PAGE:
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I was raised by an army officer. He thought like an officer—a good one, by the way—and he taught me much. I heard taglines from Officer's Candidate School at the breakfast table. That combined with my year of birth made a difference in the way I think about life and leadership. Year of birth? Yes, I am what is known as a Baby Boomer, that is, people born in the era around 1947-1962. In fact, I am the quintessential "early boomer," born as I was in 1947.
Because I was born at the beginning of the boom, I tend to think more like my father's generation, the so-called Builders, than I do like those born at the end of my own generation. Take, for example, my inner understanding of authority. Chain of command is a phrase I grew up with. It sounds alien and angry to Gen-Xers and incomprehensible to everyone born since Woodstock.
To the Builders and early Boomers, chain of command not only sounds proper, but even comforting. It speaks to us of order and discipline, another harsh, unreasonable phrase to Millennials. To us, chain of command covers how things work, who reports to whom, where things fit and who bears final responsibility. It also deals with the legitimate authority positionally.
If I heard my father say it once, I heard it a thousand times. "You do not salute the man (or woman). You salute the rank." In other words, it was our understanding of position that one does not salute an officer because he is smart or likable; you salute because he is a superior officer. Period. To us, it made the world orderly. Those understandings were fixed for my generation. They were considered cultural linchpins holding leadership and management and maybe society in place.
That is the reason it is so hard for many senior executives to understand the way some younger employees think. Younger employees are often put off by terminology like accountability, authority, flow charts and down lines. They may instead talk about horizontal management philosophies, up lines and team leadership. Younger employees want more understanding of the decision and more participation in the process rather than simply being told what to do. They love options. Their lives are filled with menus, and they adore them. Older executives love words like efficiency and productivity. Younger employees prefer empowerment.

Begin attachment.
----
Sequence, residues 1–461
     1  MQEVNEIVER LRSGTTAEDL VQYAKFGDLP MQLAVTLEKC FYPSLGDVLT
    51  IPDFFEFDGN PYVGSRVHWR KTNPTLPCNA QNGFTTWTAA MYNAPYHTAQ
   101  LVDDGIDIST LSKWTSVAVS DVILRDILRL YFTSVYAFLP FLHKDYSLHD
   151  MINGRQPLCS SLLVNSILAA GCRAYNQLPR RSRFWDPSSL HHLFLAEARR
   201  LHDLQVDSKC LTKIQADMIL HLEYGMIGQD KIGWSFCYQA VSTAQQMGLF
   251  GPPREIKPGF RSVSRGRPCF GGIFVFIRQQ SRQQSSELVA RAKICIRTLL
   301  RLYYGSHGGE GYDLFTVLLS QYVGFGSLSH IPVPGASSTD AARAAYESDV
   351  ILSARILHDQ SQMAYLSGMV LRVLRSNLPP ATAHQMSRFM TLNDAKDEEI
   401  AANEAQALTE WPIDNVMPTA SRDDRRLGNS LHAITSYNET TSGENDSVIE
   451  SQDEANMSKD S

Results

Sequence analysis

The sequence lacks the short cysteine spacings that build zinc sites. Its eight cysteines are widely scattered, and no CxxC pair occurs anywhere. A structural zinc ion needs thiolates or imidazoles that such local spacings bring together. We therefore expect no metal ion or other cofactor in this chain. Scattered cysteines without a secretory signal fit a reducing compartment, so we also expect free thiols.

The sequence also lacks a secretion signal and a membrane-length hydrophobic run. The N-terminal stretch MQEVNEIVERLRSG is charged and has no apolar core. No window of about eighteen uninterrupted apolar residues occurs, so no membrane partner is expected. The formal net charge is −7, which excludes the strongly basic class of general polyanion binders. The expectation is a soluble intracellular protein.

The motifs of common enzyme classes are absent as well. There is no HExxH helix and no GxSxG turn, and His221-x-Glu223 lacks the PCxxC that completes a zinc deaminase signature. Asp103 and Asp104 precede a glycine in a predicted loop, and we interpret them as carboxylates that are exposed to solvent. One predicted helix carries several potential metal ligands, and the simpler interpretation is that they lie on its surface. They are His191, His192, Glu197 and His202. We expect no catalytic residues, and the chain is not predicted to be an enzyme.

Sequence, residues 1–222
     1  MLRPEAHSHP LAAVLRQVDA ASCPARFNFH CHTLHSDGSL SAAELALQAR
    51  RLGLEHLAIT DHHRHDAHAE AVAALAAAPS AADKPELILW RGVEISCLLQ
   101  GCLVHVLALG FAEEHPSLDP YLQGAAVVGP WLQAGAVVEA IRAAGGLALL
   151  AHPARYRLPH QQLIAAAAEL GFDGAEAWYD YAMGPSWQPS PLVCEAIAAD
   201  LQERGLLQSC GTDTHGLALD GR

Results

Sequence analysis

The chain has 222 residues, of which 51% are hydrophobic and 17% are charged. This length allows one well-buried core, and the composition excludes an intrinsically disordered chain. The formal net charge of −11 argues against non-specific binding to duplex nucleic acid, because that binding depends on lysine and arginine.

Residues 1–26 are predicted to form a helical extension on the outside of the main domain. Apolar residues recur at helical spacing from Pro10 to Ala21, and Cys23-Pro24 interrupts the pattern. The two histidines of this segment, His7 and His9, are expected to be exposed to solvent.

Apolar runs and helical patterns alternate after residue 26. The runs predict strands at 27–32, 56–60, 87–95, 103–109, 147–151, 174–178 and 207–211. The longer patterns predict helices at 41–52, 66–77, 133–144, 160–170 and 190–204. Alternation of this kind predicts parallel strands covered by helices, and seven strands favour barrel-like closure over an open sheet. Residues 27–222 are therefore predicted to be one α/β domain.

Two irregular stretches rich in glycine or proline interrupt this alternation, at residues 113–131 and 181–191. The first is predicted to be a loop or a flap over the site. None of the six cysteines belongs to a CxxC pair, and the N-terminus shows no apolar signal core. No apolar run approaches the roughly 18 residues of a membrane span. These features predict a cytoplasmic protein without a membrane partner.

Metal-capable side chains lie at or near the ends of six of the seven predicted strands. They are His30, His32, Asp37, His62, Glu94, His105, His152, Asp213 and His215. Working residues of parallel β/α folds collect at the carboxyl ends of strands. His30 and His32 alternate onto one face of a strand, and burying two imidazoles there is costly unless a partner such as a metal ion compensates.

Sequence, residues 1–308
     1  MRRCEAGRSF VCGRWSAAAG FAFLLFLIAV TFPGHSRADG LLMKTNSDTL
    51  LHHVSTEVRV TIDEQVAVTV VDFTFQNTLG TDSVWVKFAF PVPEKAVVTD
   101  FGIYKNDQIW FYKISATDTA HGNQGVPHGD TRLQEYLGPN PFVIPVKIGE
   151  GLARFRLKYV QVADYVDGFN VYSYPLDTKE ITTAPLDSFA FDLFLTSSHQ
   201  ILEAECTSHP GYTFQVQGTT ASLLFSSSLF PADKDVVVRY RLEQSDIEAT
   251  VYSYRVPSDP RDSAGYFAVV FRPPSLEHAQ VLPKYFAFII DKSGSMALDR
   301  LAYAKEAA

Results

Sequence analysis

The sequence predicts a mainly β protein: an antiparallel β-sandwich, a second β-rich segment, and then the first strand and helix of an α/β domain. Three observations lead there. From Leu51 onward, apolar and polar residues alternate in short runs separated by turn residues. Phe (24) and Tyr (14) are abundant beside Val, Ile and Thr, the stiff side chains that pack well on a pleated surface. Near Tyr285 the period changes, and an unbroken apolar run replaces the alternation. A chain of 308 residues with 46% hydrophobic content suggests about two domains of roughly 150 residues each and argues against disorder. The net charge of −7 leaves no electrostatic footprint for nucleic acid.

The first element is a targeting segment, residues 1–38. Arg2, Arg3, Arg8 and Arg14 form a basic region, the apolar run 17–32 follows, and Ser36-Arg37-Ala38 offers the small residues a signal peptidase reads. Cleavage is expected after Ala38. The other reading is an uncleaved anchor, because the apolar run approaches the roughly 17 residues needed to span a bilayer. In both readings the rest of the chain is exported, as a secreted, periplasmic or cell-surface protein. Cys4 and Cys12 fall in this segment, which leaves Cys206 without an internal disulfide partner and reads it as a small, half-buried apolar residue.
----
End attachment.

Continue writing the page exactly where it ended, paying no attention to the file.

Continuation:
This also does not mean one or the other is right. Thereby hangs the tail. It just means they are different. It means that in business, in leadership and in church, colleagues who think differently, often generationally different, must learn to sense those differences and work a little harder to communicate across the cultural/generational gap.
Younger employees should work hard to show respect. Scripture teaches to show honor where honor is due. Older colleagues should never high hand it based on position. Younger people are eager to learn from you. They absolutely do not assume you know anything just because your pay grade is higher than theirs. If I learned anything from my Dad, it is that a superior officer should never mention his rank, and a subordinate should never forget it (OCS again). If you have to constantly tell your employees you're the boss, you may be the boss, but you're no leader. By the same token, if you put your feet on the boss' desk to prove you're free and modern, you're not casual and contemporary, you're just an arrogant bore.
As we gain in knowledge and experience, we have an ever-greater responsibility to lovingly yet firmly encourage and teach our followers. We want them to be better than we are, to have better technology, better skills and better lives than we do. We have to be patient fathers to them and learn how they think. Explain more, ask them more often for their input, listen to their answers and remember we were once young and every irritating thing that goes with that.
Virtually symbolic of this "generational gap" is the up line/down line issue. Older executives tend to view lines of communication exclusively as down lines. They mainly expect to use those lines to transmit downward. Younger employees tend to want to transmit upward. In other words, the younger employees are, the more they want to send information, opinions and input of every kind up the line.
What this means is that senior executives need to take seriously the input of subordinates. True leaders understand that communication is two-way. The more they can learn to receive information and encourage lower level employees to feel their input is taken seriously, the more the gap will close from their side. The more humility younger employees can demonstrate, the gap will close from their side. Younger folks need to take seriously the ever so remote possibility that someone with decades more experience may just know something they don't.
A variation on the OCS teaching I quoted earlier:
Senior leaders should never mention they know more than their younger employees. Younger employees should never forget it.
Older leaders need to receive, not just transmit. Humble yourself in the light of the brilliance of young tech-savvy tigers that can help you. Younger employees should work hard to find ways to honor older veterans. Listen more, learn more and remember, you will one day be hard-pressed to understand how employees born in 2014 can really work here.
Dr. Mark Rutland is president of both Global Servants (globalservants.org) and the National Institute of Christian Leadership (thenicl.com). A renowned communicator and New York Times best-selling author, he has more than 30 years of experience in organizational leadership, having served as a senior pastor and a university president.
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